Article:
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    ABSTRACT: Serial blood glucose measurements are currently regarded as the 'gold standard' for evaluating glycaemic control of canine diabetic patients. The aim of this study was to investigate a subcutaneous continuous glucose monitoring system based on microdialysis. Analyses were performed by taking interstitial glucose samples from two different anatomical regions (interscapular region [IR], thoracic region [TR]) in six healthy Beagle dogs during induced hypoglycaemia and hyperglycaemia, the feeding period and a period of stable glucose values. For comparison, plasma glucose concentration was measured simultaneously by a hexokinase-based automated chemistry analyser. The mean absolute differences ranged from 11.7 mg/dL (SD 23.5 mg/dL, TR) to 5.3 mg/dL (SD 19.2 mg/dL, IR) with a correlation of r=0.43-0.92 (P<0.01). Sensitivity for the detection of hypoglycaemia was 85.0% TR and 93.3% IR, and the specificity was 99.5% TR and 99.7% IR, respectively. In a modified Clarke error grid analysis, 99.3% TR and 99.7% IR of the values fell into zone A and B. Collapse of the microdialysis fibre was a recurrent problem although this was easily detectable by fluctuations in system pressure. The microdialysis system reflects physiological as well as induced variations in blood glucose in a valid manner.
    The Veterinary Journal 03/2009; 184(1):105-10. · 2.42 Impact Factor
  • The Veterinary record 02/2009; 164(3):89-90. · 1.80 Impact Factor
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    ABSTRACT: In the present study, 240 cases of dogs with seizures were analysed retrospectively. The aim was to examine the underlying aetiology and to compare primary or idiopathic epilepsy (IE) with symptomatic epilepsy (SE) concerning signalment, history, ictal pattern, clinical and neurological findings. The diagnosis of symptomatic epilepsy was based on confirmed pathological changes in haematology, serum biochemistry, cerebrospinal fluid (CSF) analysis and morphological changes of the brain by CT/MRI or histopathological examination. Seizure aetiologies were classified as idiopathic epilepsy (IE, n = 115) and symptomatic epilepsy (SE, n = 125). Symptomatic epilepsy was mainly caused by intracranial neoplasia (39) and encephalitis (23). The following variables showed significant difference between the IE and SE group: age, body weight, presence of partial seizures, cluster seizures, status epilepticus, ictal vocalisation and neurological deficits. In 48% of the cases, seizures were found to be due to IE, while 16% were due to intracranial neoplasia and 10% to encephalitis. Status epilepticus, cluster seizures, partial seizures, vocalisation during seizure and impaired neurological status were more readily seen with symptomatic epilepsy. If the first seizure occurred between one and five years of age or the seizures occurred during resting condition, the diagnosis was more likely IE than SE.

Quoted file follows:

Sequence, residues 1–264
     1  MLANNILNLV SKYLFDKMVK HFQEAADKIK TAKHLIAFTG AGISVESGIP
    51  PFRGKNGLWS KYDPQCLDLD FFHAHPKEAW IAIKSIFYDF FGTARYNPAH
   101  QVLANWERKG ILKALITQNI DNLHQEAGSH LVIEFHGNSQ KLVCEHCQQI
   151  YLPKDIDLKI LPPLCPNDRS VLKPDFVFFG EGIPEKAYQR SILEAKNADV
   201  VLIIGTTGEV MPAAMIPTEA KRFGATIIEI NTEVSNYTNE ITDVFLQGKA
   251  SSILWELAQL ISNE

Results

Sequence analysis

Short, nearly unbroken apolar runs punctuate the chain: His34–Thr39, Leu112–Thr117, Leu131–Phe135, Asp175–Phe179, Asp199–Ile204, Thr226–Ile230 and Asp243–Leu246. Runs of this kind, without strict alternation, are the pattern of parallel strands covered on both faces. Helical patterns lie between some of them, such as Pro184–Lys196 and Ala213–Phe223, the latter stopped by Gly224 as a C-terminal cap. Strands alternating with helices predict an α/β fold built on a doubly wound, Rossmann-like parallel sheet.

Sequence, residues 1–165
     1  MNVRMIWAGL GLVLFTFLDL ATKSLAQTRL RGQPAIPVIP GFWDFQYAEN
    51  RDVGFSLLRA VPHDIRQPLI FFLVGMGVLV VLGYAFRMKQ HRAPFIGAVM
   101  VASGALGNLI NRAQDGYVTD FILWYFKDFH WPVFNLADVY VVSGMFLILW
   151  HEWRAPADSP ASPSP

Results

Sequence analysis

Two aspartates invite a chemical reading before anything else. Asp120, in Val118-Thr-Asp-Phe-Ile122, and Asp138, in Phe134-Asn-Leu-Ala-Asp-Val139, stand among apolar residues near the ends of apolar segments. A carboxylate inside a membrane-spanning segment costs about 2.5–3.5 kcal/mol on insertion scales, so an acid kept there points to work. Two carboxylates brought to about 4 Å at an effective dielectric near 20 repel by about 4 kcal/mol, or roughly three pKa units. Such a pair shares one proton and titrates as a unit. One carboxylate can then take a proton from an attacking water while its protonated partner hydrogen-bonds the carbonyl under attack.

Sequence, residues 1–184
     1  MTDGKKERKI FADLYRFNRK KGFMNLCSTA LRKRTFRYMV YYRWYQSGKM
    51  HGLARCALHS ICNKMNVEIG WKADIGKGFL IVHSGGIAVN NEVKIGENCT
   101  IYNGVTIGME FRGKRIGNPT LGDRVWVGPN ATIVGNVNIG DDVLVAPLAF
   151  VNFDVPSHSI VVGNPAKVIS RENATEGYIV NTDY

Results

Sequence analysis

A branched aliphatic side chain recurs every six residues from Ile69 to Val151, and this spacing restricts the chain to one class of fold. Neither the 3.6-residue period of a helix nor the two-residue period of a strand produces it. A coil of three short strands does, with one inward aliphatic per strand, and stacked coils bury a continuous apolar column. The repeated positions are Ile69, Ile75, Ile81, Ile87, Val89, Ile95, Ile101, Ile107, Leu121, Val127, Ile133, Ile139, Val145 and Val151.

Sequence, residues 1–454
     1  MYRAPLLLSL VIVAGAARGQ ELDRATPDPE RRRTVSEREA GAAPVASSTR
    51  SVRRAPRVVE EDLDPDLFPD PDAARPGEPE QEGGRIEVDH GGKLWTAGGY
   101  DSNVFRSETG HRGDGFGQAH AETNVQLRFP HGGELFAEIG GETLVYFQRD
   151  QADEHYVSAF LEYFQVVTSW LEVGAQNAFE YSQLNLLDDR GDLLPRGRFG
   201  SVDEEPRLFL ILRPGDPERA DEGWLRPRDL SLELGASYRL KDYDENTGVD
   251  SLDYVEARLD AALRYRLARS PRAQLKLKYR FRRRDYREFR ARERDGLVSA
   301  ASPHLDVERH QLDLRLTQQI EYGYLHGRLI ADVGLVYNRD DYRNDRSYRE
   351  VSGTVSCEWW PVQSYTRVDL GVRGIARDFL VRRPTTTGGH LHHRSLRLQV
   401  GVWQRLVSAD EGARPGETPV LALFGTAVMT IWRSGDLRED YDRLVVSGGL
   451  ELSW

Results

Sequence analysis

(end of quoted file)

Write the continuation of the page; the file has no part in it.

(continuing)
Acta Veterinaria Hungarica 01/2009; 56(4):471-83. · 1.17 Impact Factor